Not just one, but seven Earth-size planets that could potentially harbor life have been identified orbiting a tiny star not too far away, offering the first realistic opportunity to search for biological signs of alien life outside of the solar system.
The planets orbit a dwarf star named Trappist-1, about 40 light years, or about 235 trillion miles, from Earth. That is quite close, and by happy accident, the orientation of the orbits of the seven planets allows them to be studied in great detail.
One or more of the exoplanets — planets around stars other than the sun — in this new system could be at the right temperature to be awash in oceans of water, astronomers said, based on the distance of the planets from the dwarf star.
Ancient seagrass holds secrets of the oldest living organism on Earth
It’s big, it’s old and it lives under the sea — and now an international research collaboration has confirmed that an ancient seagrass holds the secrets of the oldest living organism on Earth.
This new equation might finally unite the two biggest theories in physics, claims physicist
Linking general relativity and quantum mechanics with wormholes.
One of the most stubborn problems in physics today is the fact that our two best theories to explain the Universe – general relativity and quantum mechanics – function perfectly well on their own, but as soon as you try to combine them, the maths just doesn’t work out.
But a Stanford theoretical physicist has just come up with a new equation that suggests the key to finally connecting the two could be found in bizarre spacetime tunnels called wormholes.
As far as we know, there are four fundamental forces that hold our Universe together – gravity, electromagnetism, and the strong and weak nuclear forces.
But, in April last year, physicists in Hungary saw evidence of a possible fifth force of nature, one that could potentially explain some of the lingering mysteries in our Universe, such as dark matter.
Physicists at Oak Ridge National Laboratory in Tennessee and the University of Cambridge have together discovered a new state of matter. The groundbreaking findings, reported in the journal Nature, detail the observations of the long-theorized but ever-elusive state known as “quantum spin liquid” – in which electrons seemingly break into smaller pieces.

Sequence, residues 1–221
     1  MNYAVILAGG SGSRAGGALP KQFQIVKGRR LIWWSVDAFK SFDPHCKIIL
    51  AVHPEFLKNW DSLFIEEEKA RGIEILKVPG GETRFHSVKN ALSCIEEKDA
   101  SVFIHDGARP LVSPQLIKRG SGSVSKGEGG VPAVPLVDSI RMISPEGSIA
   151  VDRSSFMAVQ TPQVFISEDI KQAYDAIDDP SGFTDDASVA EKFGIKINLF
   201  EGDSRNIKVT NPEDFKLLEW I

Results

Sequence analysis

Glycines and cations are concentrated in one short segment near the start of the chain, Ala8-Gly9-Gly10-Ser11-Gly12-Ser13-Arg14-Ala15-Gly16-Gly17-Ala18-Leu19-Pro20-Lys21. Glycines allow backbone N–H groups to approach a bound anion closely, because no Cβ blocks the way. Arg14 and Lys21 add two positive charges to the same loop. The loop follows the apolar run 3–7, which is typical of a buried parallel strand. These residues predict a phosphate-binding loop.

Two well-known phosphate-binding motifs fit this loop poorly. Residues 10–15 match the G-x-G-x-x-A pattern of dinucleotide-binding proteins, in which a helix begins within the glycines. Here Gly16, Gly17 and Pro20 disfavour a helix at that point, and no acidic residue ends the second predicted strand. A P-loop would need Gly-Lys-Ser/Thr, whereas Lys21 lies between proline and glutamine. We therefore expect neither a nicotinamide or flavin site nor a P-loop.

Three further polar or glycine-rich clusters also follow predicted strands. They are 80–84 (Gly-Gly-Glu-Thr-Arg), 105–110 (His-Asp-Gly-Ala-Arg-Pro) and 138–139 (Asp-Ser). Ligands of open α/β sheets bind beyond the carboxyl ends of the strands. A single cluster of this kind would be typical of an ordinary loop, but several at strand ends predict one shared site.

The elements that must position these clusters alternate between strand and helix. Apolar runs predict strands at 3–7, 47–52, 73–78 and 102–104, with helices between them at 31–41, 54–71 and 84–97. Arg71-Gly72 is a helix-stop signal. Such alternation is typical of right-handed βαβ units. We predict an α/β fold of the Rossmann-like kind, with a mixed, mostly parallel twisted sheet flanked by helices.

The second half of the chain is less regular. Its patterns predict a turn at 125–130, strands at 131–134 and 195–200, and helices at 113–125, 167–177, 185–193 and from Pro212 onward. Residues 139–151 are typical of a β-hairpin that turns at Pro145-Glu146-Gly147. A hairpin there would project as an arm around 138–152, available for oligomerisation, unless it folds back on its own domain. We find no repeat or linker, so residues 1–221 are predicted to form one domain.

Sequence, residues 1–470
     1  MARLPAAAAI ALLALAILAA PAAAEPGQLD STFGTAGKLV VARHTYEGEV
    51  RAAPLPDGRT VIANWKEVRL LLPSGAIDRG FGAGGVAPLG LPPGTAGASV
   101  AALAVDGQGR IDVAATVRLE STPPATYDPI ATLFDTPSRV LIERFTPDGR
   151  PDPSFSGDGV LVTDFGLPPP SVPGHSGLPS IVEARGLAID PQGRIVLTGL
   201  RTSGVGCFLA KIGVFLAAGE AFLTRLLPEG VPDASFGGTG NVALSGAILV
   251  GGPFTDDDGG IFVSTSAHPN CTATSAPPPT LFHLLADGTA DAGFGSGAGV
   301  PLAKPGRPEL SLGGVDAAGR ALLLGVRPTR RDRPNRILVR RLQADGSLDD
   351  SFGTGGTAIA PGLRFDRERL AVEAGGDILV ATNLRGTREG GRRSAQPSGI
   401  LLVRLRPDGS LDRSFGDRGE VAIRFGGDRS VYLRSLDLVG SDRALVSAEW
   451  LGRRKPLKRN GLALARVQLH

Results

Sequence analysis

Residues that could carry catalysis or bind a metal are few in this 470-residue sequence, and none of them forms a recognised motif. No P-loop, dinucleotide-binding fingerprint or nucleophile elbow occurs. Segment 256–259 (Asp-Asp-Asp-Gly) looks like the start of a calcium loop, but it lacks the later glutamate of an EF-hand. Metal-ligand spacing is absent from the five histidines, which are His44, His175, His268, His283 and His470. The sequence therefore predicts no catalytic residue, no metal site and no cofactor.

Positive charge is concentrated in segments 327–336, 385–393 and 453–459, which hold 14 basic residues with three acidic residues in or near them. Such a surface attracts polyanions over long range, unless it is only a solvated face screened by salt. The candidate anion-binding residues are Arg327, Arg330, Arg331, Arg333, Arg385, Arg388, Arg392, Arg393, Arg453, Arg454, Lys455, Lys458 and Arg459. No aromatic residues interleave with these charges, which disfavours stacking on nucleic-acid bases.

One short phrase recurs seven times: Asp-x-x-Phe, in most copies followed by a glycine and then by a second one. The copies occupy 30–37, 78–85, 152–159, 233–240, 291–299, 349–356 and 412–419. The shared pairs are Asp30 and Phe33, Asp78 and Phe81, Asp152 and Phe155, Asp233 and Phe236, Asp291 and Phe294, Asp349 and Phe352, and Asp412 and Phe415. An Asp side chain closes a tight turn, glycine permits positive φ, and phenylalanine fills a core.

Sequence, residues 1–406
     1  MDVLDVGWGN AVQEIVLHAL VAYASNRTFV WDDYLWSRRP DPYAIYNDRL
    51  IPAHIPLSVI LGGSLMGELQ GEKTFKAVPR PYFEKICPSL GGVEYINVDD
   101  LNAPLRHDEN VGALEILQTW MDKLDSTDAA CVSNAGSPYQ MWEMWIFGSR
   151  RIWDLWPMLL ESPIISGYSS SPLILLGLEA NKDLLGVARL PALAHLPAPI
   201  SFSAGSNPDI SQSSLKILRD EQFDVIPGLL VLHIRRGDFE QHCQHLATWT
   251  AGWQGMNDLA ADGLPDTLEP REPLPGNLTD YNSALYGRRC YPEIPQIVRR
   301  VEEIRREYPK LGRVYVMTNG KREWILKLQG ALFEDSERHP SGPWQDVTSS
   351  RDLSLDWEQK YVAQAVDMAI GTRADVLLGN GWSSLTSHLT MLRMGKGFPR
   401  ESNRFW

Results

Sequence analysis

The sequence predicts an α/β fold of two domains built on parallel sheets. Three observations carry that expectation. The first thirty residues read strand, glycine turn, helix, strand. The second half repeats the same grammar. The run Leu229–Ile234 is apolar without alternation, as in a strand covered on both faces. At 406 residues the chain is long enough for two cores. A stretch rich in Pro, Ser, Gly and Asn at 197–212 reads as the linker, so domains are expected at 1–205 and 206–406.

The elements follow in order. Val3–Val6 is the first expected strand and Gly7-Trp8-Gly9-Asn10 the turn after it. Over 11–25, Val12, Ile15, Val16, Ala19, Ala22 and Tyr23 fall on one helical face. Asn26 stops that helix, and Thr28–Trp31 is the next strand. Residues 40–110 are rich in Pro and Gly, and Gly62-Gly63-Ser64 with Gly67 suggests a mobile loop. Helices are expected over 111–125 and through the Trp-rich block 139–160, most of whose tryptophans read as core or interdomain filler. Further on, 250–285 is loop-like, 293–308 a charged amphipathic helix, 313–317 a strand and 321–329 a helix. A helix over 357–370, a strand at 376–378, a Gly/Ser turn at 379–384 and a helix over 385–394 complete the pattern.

“This is a new quantum state of matter, which has been predicted but hasn’t been seen before,” said Johannes Knolle, a scientist at Cambridge’s Cavendish Laboratory and one of the paper’s coauthors, in a news release.
LIGO Detected Gravitational Waves from Black Holes
On September 14, 2015 at 5:51 a.m. Eastern Daylight Time (09:51 UTC), the twin Laser Interferometer Gravitational-wave Observatory (LIGO) detectors, located in Livingston, Louisiana, and Hanford, Washington, USA both measured ripples in the fabric of spacetime – gravitational waves – arriving at the Earth from a cataclysmic event in the distant universe. The new Advanced LIGO detectors had just been brought into operation for their first observing run when the very clear and strong signal was captured.
On Thursday (Feb. 11) at 10:30 a.m. ET, the National Science Foundation will gather scientists from Caltech, MIT and the LIGO Scientific Collaboration in Washington D.C. to update the scientific community on the efforts being made by the Laser Interferometer Gravitational-wave Observatory (LIGO) to detect gravitational waves.
In the wake of some very specific rumors focused on the possible discovery of these elusive ripples in spacetime, hopes are high that the international LIGO collaboration of scientists will finally put an end to the fevered speculation and announce the discovery of gravitational waves.
If life is effectively an endless series of photocopies, as DNA is transcribed and passed on from one being to the next, then evolution is the high-stakes game of waiting for the copier to get it wrong.
Too wrong, and you’ll live burdened by a maladaptive mutation or genetic disorder. Worse, you might never live at all.
But if the flaw is wrong in exactly the right way, the incredible can happen: disease resistance, sharper eyesight, swifter feet, big brains, better beaks for Darwin’s finches.
Earth’s magnetic field is our great protector, shielding us from dangerous incoming solar radiation that would otherwise make life on Earth almost impossible. However, the strength of the field has changed through geological time, with the poles of the planet’s magnet switching dramatically at somewhat random intervals – roughly between 200,000 and 5 million years. Although the field strength has been dropping for the past two centuries, a new study, published in the Proceedings of the National Academy of Sciences, suggests it is not in danger of flipping any time soon.
Our planet’s magnetic field appears to be quite chaotic: It undergoes not only reversals, but also excursions wherein the poles “wander,” changing their coordinates on the surface of the planet rapidly with respect to geological time, before suddenly switching back to “normal.” Although the most recent reversal occurred 780,000 years ago, the poles temporarily flipped during an excursion in the middle of the last ice age 41,000 years ago.